5 personal finance books to read in 2022

I wrote a very similar post in 2020 with a list of five books I thought everyone should read. I stand by every book I’ve chosen for this list, but with so many new personal finance books coming out every week – and my tendency to discover certain books a few years after they come out – I thought it was time to add a few. of my new favorites. All of the books I recommend are on my shelf, and I was so excited about them that I brought the authors to my podcast to talk about them.

1. STACKED: Your Super Serious Guide to Modern Money Management

By Joe Saul-Sehy and Emily Guy-Birken

No matter how hard we try not to and how many resources we publish on financial topics, we always leave people behind. This book tries to change that. And coming from podcasting legend Joe Saul-Sehy of Stacking Benjamins and bestselling author Emily Guy-Birken, this book is an automatic winner. I had the pleasure of telling Joe about this book on my podcast, which I hope you check out.

The reason I recommend this book is that it does something very few other books have done: it makes finance fun and accessible. Without a formal personal finance education offered by schools, we are on our own to learn about money and it can be daunting. Books like STACKED take the stress out of it and make it something you can dip your toes into before diving headfirst.

My favorite part (and, as mine was published first, I take credit for being the inspiration) is that in the same way I end each chapter of my book, Don’t retire. Diploma !With additional credit, this book ends each chapter with a checklist of achievements you can cross off to earn your merit badge.

Get the book here.

2. Save your retirement! (From Mass Destruction by The 7 Villains of Retirement)

By Patrick Strubbe

This is probably the most unique personal finance book I have ever come across. This is X-Men meets money the best way. I also got to talk to Patrick Strubbe about his book, and it’s one of my favorite podcast episodes to date.

I recommend this book because it takes seven very important but often misunderstood or overlooked financial concepts and illustrates them (literally) as comic book villains out to thwart your financial plan. It’s fun and different and shares a lot of my same ideologies (although that’s not why I recommend it). This is a great book for adults further along in their financial journey who want to protect their retirement.

Get the book here.

3. Simple Wealth: The practical guide to transforming your relationship with money and living in abundance

By Holly Morphew

I often refer to “Financial Advisor” as a title that anyone can call themselves. This is why I stress the importance of the fiduciary standard and why my team has decided to require that all of our advisors be CERTIFIED FINANCIAL PLANNER™ practitioners and abide by the strict code of ethics that comes with the designation. .

The same can be said of financial coaches.

I recommend Holly’s book for several reasons. Firstly, because she has taken the next step to becoming a Certified Financial Advisor® and therefore I know she adheres to a code of ethics similar to mine.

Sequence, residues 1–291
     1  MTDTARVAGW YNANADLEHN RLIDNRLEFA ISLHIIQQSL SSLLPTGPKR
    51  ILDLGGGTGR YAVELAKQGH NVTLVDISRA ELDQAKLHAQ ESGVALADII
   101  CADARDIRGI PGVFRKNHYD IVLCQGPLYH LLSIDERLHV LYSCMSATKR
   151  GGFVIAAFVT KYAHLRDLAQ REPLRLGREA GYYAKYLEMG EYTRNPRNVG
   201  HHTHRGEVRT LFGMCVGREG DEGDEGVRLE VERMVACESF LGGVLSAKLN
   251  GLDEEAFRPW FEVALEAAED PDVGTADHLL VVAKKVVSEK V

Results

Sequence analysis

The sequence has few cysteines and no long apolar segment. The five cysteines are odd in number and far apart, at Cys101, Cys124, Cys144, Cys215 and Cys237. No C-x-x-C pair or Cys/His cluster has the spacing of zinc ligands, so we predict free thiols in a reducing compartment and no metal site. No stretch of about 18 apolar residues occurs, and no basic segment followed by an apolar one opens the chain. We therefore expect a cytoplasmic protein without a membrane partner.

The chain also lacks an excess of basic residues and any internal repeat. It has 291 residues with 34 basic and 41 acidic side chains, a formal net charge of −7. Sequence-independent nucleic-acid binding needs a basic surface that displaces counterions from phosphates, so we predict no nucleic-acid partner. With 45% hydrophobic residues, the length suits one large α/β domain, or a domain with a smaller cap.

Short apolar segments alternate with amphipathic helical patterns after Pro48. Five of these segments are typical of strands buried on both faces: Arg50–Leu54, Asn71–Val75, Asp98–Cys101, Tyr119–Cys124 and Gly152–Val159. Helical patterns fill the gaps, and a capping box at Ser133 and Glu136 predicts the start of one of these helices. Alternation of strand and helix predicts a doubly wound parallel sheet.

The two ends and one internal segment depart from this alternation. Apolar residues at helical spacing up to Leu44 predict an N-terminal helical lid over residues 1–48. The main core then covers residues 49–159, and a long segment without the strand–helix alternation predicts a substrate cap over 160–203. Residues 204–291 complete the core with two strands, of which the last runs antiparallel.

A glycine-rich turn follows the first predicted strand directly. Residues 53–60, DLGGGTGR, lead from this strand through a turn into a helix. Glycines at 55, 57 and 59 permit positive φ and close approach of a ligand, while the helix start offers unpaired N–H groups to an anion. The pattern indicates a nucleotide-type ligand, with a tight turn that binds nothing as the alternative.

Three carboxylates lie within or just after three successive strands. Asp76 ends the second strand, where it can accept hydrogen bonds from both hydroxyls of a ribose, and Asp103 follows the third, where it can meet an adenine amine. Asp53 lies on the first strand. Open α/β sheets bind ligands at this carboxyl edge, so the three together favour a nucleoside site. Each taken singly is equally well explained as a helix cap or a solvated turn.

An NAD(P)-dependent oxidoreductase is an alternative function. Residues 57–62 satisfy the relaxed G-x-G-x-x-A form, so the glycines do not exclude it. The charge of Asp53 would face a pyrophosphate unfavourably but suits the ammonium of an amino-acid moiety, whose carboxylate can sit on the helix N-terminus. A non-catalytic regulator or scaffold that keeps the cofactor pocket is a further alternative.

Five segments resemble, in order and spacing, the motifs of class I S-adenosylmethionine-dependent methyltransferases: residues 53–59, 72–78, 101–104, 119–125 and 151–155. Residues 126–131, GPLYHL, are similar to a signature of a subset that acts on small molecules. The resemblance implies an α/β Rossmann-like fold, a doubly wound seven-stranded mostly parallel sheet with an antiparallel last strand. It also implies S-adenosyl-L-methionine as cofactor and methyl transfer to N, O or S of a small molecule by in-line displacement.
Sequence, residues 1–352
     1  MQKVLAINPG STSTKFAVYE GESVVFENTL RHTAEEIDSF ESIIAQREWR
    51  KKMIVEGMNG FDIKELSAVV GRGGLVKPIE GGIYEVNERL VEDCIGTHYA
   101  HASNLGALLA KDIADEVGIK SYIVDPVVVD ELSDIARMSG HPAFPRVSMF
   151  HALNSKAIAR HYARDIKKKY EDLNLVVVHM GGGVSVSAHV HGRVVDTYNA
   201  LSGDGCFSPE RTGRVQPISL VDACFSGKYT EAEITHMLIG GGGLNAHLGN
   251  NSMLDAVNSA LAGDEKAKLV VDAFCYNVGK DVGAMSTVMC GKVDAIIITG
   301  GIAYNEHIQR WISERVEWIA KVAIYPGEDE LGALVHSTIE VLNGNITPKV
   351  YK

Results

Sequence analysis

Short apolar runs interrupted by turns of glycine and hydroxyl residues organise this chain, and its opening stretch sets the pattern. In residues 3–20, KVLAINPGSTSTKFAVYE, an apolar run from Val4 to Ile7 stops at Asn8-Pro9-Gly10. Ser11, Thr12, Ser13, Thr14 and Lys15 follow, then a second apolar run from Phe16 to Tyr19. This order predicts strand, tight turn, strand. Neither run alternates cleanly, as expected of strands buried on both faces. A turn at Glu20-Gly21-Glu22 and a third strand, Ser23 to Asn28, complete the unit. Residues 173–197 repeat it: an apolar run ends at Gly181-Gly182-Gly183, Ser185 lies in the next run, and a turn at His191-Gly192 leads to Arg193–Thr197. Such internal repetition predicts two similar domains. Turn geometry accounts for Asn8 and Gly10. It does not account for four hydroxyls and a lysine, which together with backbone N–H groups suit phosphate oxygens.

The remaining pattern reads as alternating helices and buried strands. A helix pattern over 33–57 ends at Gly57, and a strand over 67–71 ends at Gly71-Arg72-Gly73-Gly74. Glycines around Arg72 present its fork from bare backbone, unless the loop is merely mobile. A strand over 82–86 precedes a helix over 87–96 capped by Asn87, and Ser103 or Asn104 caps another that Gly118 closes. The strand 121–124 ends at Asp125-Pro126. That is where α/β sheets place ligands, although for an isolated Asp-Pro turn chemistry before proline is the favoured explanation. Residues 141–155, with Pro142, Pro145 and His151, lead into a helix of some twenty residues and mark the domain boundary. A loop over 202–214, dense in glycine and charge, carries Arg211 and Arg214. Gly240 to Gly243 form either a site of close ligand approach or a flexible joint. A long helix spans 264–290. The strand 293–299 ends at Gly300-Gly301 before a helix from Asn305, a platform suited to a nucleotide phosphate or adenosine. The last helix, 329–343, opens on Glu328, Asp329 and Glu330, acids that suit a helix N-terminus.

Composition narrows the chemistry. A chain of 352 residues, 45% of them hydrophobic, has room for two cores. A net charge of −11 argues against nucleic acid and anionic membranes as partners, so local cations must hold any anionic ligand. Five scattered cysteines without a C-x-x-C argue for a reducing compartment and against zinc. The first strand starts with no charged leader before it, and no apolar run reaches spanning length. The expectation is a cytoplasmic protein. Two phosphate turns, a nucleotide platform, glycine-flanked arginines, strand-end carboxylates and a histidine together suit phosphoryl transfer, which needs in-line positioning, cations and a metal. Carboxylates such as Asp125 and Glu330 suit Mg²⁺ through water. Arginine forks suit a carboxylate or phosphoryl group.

Second, I know his story and I know that authenticity is a value close to his heart. This book is authentic in every way. She talks about her own struggles with money (some of which she shared with me on the podcast), how she buried and then dug herself into massive credit card debt, and also talks about some something I often talk about myself: things that are more important than money. Her book explores core mindsets and values, gratitude and giving, not just saving money and paying off debt.

Get the book here.

4. Passive income, aggressive retirement: the secret to freedom, flexibility and financial independence (and how to start!)

By Rachel Richards

Rachel Richards is one of the most exceptional human beings I have met in a long time. Without trust funds or a six-figure salary, she managed to retire very comfortably at age 27. And she retired in the new, improved definition of the word because she is financially independent but still productive, active, and helping others replicate her success.

I recommend this book to anyone who wants to create a passive income stream but doesn’t know where to start. Rachel outlines several ways to create your own passive income streams that may be easier and less daunting than you thought.

She was a fantastic podcast guest and even gave me some tips on replicating her success as a bestselling author.

Get the book here.

5. Don’t Retire…Graduate! : Building a path to financial freedom and retirement at any age

By Eric Brotman

You know me well enough now to expect me to put my own book here. But I’m not doing it for the reasons you expect. I have no intention of retiring on royalties from book sales. In fact, if I ever earn enough royalties to cover the cost of publishing the book, I’ll be more than satisfied.

I include my book because I truly believe it is one of the most powerful tools out there. Especially for readers in their 20s who are just starting out, this book can walk you through all the steps I would take with a client during a lifetime consulting relationship.

It has steps and worksheets for getting yourself out of debt, creating a budget, calculating your net worth, making sure you’re properly insured, creating a living will, structuring your portfolio, and everything you need to do to be on track for retirement. . It may seem counter-intuitive to post this because for $16 you can do yourself what our consultants are paid to do for our clients. But I know that not everyone is in a position to hire a financial advisor and wants the necessary tools to be made available to such people.

So, I hope you will forgive self-promotion and also check out my book.

Get the book here.